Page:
12 Demographic Characteristics of IRA-Owning Households Saving activity tends to increase with age, educational attainment, and household income; in addition married people tend to save more than single persons. 9 Households that owned IRAs typically had greater financial assets and higher incomes than households without IRAs (Figure A3). In addition, the financial decisionmakers in households with IRAs generally were older and more likely to be married, employed, and have college or postgraduate degrees, compared with households not owning IRAs. Traditional IRAs. In 0, 39.4 million U.S. households, or 3.5 percent, owned traditional IRAs (Figure A). The financial decisionmakers of households with traditional IRAs tended to be older; 3 percent were retired from their FIGURE A3 Characteristics of U.S. Households Owning IRAs, 0 Type of IRA owned Households owning IRAs Traditional IRAs Roth IRAs Employersponsored IRAs Households not owning IRAs Median per household Age of household sole or co-decisionmaker for saving and investing 5 years 54 years 45 years 50 years 49 years Household income $75,000 $75,000 $90,000 $75,000 $35,000 Household financial assets 3 $00,000 $00,000 $00,000 $60,000 $5,000 Household financial assets in all types of IRAs $45,000 $60,000 $48,000 $65,000 N/A Share of household financial assets in type of IRA indicated 34% 9% % 8% N/A Percentage of households Household sole or co-decisionmaker for saving and investing: Married or living with a partner College or postgraduate degree Employed full- or part-time Retired from lifetime occupation Household has DC account or DB plan coverage (total) DC retirement plan account DB plan coverage Types of IRAs owned: 4 Traditional IRA N/A Roth IRA N/A Employer-sponsored IRA N/A Employer-sponsored IRAs include SEP IRAs, SAR-SEP IRAs, and SIMPLE IRAs. Total reported is household income before taxes in 0. 3 Household financial assets include assets in employer-sponsored retirement plans but exclude the household s primary residence. 4 Multiple responses are included. N/A = not applicable Sources: Investment Company Institute Annual Mutual Fund Shareholder Tracking Survey and Investment Company Institute IRA Owners Survey APPENDIX: ICI RESEARCH PERSPECTIVE, VOL. 8, NO. 8A DECEMBER 0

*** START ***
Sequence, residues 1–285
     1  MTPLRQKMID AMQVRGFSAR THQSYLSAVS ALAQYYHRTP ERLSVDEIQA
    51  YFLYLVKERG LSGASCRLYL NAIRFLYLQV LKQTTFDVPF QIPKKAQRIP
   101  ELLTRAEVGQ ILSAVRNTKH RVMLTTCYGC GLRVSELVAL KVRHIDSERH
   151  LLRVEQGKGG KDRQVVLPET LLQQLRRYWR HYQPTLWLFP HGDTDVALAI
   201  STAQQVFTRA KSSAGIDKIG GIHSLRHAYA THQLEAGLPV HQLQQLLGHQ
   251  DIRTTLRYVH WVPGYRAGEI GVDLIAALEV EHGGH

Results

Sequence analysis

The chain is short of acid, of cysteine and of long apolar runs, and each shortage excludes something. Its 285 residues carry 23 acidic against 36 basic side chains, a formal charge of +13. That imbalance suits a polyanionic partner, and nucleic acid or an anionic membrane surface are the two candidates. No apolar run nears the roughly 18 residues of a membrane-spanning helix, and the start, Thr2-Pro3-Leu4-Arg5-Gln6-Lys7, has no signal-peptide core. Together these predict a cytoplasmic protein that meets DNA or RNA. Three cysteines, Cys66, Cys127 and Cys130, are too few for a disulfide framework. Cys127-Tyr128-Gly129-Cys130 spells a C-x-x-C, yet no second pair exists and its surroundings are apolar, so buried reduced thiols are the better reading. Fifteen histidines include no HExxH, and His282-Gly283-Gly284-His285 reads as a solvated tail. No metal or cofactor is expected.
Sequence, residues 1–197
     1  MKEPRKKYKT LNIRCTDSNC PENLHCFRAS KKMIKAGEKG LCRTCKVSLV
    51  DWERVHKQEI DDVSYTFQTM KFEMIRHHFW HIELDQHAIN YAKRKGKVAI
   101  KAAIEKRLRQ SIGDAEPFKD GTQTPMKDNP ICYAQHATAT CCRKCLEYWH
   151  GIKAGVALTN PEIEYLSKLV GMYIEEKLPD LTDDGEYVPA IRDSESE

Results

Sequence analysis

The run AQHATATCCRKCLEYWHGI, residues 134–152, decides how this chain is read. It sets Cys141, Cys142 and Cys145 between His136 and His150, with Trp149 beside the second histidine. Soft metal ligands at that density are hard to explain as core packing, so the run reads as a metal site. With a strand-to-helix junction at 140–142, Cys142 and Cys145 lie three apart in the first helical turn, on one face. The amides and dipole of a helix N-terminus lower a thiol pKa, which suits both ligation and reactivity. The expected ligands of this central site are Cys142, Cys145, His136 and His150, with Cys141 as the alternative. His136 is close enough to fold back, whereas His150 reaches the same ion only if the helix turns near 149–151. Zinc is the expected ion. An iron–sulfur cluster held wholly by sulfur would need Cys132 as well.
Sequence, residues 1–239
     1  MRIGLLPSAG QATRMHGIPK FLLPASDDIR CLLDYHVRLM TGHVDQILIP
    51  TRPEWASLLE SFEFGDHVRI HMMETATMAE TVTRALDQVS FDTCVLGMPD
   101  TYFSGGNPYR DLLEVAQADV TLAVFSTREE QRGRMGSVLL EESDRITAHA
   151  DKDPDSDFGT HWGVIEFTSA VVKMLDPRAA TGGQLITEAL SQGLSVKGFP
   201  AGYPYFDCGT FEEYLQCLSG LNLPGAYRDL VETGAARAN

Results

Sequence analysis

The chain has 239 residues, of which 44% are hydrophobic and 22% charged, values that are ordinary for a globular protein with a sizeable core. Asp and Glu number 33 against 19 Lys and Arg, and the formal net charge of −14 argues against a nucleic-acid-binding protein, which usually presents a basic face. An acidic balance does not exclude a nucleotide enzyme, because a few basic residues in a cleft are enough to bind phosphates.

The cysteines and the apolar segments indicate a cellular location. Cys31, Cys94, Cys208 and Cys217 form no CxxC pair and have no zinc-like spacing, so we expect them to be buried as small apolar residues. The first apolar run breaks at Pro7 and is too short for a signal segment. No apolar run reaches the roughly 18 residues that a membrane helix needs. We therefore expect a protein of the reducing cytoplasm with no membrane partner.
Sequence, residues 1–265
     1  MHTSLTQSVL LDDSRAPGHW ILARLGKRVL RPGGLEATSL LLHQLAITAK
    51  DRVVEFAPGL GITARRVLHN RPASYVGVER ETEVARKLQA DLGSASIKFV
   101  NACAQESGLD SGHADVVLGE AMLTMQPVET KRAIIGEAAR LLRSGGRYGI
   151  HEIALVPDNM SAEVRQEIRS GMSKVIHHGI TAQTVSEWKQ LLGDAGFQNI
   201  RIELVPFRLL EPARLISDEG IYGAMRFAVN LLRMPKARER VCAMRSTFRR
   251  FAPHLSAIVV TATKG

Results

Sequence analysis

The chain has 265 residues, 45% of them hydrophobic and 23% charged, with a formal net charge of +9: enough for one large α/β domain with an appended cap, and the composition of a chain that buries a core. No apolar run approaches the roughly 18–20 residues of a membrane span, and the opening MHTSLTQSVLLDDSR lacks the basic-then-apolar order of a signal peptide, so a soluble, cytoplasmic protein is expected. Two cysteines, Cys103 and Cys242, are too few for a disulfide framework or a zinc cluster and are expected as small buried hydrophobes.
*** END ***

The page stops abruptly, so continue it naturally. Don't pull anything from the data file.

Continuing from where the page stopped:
13 FIGURE A4 Characteristics of U.S. Households Owning Traditional IRAs, 0 Median per household owning traditional IRAs Amount in traditional IRAs $4,500 Amount contributed to traditional IRAs in tax year 0 $4,000 Number of traditional IRAs owned Percentage of households owning traditional IRAs Traditional IRA includes rollover from an employer-sponsored retirement plan 5 Contributed to a traditional IRA in tax year 0 8 Deducted a traditional IRA contribution in tax year 0 3 Made a withdrawal from a traditional IRA in tax year 0 Own traditional IRA: 3 Respondent 85 Spouse 48 Dependent children 4 Number of traditional IRAs owned: One 50 Two 37 Three or more 3 Year first traditional IRA was opened: 974 through through through through through through through through May 0 7 Continued on the next page APPENDIX: ICI RESEARCH PERSPECTIVE, VOL. 8, NO. 8A DECEMBER 0 3